Food with heavy environmental impact should be taxed by 2025 unless food industry acts voluntarily, says alliance
A powerful coalition of the UK’s health professions has called for a climate tax to be imposed on food with a heavy environmental impact by 2025, unless the industry takes voluntary action on the impact of their products.
The group says the climate crisis cannot be solved without action to cut the consumption of food that causes high emissions, such as red meat and dairy products. But it says that more sustainable diets are also healthier and would reduce illness.
The UK Health Alliance on Climate Change (UKHACC) includes 10 Royal Colleges of medicine and nursing, the British Medical Association and the Lancet, representing the doctors, nurses and other professionals entrusted with caring for the country’s health.
The alliance’s new report makes a series of recommendations including a swift end to buy-one-get-one-free offers for food that is bad for health and the environment, and for perishable foods that are often wasted.
It also calls for public information campaigns on diet to include climate messages, for labels on food to reveal its environmental impact, and for the £2bn spent every year on catering in schools, hospitals, care homes and prisons to meet minimum environmental standards.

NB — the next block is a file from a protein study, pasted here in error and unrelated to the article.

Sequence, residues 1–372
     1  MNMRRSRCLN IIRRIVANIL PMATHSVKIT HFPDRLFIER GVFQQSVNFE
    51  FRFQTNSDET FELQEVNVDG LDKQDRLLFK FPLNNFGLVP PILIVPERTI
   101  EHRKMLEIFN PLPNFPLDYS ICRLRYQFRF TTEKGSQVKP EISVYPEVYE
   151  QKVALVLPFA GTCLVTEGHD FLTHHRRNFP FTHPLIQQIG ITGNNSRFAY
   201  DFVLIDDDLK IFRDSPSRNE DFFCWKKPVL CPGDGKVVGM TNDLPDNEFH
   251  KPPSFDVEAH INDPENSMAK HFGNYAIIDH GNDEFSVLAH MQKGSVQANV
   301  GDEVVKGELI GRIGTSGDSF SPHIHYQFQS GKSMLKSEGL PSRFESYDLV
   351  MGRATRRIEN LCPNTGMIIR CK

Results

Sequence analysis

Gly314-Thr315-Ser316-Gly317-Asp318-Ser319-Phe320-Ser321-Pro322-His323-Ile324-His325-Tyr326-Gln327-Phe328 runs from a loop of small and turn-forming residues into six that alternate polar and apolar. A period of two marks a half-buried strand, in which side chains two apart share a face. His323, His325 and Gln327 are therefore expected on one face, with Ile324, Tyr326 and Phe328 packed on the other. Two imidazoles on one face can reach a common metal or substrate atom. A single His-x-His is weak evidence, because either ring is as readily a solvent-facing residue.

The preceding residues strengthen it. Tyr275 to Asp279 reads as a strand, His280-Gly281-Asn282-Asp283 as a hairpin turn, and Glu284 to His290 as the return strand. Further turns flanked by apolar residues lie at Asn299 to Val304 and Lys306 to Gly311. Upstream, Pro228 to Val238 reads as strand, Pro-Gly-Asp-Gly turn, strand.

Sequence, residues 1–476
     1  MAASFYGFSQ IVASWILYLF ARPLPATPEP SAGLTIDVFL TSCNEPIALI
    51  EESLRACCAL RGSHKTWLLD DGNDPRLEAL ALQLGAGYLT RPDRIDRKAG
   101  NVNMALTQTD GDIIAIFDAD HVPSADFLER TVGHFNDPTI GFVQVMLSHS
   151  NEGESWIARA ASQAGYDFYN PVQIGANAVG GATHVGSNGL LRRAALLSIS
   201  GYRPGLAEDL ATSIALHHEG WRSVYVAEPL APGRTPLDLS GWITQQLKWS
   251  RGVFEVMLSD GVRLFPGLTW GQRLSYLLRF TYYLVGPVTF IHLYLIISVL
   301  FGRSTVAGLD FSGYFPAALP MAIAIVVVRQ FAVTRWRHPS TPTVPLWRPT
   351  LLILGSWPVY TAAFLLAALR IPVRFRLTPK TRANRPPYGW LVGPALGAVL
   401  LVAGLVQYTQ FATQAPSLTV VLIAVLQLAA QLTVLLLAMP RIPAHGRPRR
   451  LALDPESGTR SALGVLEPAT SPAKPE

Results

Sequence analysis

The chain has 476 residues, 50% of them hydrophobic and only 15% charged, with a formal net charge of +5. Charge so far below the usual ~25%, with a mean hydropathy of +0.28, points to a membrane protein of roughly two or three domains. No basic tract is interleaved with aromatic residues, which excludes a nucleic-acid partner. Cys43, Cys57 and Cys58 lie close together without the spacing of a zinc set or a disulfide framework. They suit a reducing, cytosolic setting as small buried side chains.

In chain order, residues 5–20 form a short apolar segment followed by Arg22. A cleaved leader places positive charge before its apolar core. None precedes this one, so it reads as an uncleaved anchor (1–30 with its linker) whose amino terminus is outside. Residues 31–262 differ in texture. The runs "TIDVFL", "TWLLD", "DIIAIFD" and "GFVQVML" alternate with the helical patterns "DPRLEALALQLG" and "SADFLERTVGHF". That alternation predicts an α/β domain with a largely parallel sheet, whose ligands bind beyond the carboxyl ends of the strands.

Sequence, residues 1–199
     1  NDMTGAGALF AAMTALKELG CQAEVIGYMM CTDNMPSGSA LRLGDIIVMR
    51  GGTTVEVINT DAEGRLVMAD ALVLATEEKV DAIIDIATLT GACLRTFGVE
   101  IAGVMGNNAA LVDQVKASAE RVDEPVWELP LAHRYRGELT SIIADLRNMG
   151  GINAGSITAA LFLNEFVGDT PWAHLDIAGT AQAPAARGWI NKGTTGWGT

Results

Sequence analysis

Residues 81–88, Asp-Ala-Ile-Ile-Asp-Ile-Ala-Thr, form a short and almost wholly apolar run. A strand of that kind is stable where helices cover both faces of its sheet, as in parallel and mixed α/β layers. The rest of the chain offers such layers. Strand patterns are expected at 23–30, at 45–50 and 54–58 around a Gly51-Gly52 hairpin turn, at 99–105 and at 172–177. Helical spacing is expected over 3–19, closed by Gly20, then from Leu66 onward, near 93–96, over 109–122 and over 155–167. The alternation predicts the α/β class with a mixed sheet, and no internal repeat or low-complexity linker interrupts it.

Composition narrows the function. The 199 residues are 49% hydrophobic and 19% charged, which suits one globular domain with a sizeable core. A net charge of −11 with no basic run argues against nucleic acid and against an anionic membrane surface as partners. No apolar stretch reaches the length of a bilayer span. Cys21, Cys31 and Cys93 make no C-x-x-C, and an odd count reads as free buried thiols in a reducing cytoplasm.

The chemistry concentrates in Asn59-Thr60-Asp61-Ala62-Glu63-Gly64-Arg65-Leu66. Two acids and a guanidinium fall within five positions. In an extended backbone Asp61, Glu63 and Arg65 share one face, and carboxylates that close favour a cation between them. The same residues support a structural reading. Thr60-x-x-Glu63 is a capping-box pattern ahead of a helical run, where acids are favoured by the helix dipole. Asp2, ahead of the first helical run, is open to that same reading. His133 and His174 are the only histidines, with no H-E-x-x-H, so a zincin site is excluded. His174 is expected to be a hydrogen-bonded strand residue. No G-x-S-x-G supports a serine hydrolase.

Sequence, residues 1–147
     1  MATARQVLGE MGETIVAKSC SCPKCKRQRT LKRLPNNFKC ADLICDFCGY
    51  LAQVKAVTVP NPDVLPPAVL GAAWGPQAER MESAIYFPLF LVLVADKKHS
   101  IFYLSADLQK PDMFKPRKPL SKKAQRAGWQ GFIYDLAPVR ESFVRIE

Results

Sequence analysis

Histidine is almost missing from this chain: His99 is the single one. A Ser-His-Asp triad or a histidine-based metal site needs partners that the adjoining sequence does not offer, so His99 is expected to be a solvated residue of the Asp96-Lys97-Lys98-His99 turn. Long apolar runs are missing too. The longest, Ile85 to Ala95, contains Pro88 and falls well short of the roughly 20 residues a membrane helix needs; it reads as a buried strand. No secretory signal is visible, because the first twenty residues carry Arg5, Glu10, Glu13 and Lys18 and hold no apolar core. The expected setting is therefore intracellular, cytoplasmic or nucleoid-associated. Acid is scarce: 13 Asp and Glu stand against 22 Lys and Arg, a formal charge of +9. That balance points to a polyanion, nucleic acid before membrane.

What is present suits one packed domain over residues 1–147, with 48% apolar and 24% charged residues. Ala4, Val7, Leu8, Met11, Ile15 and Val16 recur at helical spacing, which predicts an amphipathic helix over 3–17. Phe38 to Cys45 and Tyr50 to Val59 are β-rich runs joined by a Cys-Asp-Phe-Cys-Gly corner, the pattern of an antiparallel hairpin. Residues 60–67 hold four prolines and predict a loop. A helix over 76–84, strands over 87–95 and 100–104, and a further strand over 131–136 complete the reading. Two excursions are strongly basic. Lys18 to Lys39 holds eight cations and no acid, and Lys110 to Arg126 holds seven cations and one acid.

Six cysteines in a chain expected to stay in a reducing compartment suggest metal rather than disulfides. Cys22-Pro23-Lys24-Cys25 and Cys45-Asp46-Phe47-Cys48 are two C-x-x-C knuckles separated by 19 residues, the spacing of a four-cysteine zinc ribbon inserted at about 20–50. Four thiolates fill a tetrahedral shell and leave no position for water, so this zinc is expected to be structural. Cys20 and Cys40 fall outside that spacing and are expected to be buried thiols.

A YouGov poll of healthcare professionals for UKHACC found two-thirds agreeing that environmentally friendly diets can also improve your health, while 40% had already changed their own eating habits due to environmental concerns.
Food production is responsible for a quarter of the world’s greenhouse gas emissions and a series of scientific studies have shown that red meat and dairy have far bigger impacts than plant-based food. People in rich nations already eat more meat than is healthy and in the UK only one in three eat the recommended five daily portions of fruit and vegetables.
“We can’t reach our goals without addressing our food system,” said Kristin Bash, who leads the Faculty of Public Health’s food group and was a co-author of the UKHACC report. “The climate crisis isn’t something we should see as far in the future. It’s time to take these issues seriously now.”
Bash said the report was not telling people to become vegans: “It’s just saying increase your consumption of plant protein. It’s a simple message and something that’s widely supported by health organisations around the world.”